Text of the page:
Crimes against humanity refer to specific crimes committed in the context of a large-scale attack targeting civilians, regardless of their nationality. These crimes include murder, torture, sexual violence, enslavement, persecution, enforced disappearance, etc.
Crimes against humanity have often been committed as part of State policies, but they can also be perpetrated by non-State armed groups or paramilitary forces. Unlike war crimes, crime against humanity can also be committed in peacetime, and contrary to genocide, they are not necessarily committed against a specific national, ethnical, racial or religious group.
CRIMES AGAINST HUMANITY UNDER INTERNATIONAL LAW
Crimes against humanity appeared for the first time in a treaty in the 1945 Nuremberg Charter at the end of the Second World War, albeit with a different definition than today.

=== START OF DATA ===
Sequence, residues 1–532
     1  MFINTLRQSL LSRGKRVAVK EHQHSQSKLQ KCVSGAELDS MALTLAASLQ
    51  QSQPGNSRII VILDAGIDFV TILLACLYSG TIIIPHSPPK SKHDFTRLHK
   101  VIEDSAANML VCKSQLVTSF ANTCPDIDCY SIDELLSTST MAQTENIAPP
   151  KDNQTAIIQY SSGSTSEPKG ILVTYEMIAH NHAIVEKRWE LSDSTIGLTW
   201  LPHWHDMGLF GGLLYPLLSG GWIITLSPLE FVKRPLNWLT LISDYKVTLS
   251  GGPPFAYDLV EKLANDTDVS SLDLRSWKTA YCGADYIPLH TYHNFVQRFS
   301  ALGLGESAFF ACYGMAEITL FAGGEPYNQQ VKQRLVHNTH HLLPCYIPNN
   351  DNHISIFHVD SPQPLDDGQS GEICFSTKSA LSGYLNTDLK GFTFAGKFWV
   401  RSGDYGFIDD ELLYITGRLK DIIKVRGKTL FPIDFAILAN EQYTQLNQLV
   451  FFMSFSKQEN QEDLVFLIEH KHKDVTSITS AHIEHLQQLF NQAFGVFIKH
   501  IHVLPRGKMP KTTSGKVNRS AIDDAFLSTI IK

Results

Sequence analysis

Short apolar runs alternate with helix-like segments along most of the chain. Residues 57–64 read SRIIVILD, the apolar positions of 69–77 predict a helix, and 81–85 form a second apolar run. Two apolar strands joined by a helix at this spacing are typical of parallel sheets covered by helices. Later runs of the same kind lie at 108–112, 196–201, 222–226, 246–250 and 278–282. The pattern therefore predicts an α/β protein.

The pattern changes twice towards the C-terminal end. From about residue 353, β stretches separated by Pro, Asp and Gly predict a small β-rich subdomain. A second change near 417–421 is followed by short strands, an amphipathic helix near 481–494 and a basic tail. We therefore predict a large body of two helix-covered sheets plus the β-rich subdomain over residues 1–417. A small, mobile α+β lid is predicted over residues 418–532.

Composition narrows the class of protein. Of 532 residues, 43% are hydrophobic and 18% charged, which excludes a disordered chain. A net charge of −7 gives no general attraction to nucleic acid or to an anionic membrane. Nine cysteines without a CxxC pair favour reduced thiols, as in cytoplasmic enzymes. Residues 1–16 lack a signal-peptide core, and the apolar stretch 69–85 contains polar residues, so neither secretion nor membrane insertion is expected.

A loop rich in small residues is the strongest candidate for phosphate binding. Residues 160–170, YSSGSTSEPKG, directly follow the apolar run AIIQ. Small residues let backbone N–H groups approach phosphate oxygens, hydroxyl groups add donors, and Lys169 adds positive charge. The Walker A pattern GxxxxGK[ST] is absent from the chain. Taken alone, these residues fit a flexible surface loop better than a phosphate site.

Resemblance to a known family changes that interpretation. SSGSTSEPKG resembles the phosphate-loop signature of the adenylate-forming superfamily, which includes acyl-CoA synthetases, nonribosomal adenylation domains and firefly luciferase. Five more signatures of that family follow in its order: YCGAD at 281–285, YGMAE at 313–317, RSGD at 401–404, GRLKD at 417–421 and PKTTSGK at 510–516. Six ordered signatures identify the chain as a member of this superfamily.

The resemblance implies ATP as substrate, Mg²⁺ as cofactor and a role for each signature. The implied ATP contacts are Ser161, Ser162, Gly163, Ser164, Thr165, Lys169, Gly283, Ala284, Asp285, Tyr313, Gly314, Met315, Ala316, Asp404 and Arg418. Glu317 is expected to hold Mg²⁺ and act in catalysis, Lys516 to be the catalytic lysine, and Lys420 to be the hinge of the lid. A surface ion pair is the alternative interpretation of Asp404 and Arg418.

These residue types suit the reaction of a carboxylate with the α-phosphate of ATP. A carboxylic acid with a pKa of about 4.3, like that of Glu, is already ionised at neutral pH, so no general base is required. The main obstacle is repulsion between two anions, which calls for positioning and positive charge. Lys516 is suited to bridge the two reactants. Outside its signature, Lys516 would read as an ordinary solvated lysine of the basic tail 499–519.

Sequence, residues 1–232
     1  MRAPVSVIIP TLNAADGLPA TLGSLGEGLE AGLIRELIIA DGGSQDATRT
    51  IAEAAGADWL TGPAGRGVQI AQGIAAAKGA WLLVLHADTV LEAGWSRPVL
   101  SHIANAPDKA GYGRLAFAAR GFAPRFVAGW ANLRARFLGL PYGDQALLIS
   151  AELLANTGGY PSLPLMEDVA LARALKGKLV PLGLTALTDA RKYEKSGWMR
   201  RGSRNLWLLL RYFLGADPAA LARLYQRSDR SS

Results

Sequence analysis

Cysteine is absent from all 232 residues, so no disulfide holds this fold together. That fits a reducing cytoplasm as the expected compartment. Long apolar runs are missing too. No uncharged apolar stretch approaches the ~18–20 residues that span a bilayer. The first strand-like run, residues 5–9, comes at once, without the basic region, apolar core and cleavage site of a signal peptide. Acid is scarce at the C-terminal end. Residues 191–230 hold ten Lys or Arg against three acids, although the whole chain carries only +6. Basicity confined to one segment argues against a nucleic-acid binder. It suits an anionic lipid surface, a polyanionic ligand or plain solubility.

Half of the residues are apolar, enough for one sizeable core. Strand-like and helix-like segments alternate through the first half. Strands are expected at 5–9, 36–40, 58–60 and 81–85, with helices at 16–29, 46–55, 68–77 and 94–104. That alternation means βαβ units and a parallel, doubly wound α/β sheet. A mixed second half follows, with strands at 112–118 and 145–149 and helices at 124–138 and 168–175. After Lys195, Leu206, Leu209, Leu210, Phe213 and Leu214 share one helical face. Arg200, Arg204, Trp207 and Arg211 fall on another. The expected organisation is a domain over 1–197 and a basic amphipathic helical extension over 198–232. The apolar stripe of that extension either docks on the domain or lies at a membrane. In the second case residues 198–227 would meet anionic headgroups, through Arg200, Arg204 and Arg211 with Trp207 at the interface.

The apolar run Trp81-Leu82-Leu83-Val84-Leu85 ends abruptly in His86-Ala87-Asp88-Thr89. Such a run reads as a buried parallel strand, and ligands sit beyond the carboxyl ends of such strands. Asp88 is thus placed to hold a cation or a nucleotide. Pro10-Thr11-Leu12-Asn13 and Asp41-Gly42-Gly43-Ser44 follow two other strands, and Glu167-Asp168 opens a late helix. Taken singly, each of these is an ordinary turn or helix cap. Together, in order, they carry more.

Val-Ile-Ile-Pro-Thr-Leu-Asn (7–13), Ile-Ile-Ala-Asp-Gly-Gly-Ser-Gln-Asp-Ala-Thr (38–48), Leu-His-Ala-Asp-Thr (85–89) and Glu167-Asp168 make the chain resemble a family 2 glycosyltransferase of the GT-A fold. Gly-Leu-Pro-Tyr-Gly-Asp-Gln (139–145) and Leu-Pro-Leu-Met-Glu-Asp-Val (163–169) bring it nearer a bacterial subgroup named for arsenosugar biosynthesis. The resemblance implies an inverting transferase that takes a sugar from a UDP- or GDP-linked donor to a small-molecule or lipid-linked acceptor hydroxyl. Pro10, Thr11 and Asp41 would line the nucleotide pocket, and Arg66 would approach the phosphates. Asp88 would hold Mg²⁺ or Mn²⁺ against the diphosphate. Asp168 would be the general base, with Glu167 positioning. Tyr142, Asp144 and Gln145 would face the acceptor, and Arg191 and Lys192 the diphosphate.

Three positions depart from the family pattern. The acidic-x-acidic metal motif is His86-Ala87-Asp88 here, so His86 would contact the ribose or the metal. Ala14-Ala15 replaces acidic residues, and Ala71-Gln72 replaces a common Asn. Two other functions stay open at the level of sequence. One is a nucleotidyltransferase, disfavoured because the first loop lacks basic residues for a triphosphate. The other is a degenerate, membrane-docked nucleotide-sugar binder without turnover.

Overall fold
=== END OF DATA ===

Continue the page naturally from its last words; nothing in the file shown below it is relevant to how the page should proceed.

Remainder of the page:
Since the 1990s, crimes against humanity have been codified in different international treaties such as the Statute of the International Criminal Tribunal for the former Yugoslavia (1993), the Statute of the International Tribunal for Rwanda (1994) and the Rome Statute of the International Criminal Court (1998). The Rome Statute provides the most recent and most expansive list of specific criminal acts that may constitute crimes against humanity.
Unlike other human rights violations, war crimes do not engage State responsibility but individual criminal responsibility. This means that individuals can be tried and found personally responsible for these crimes.
Prohibited acts include:
Deportation or forcible transfer of population
- Sexual violence
- Persecution against an identifiable group
- Enforced disappearance of persons
- The crime of apartheid
- Other inhumane acts of a similar character intentionally causing great suffering, or serious injury to body or to mental or physical health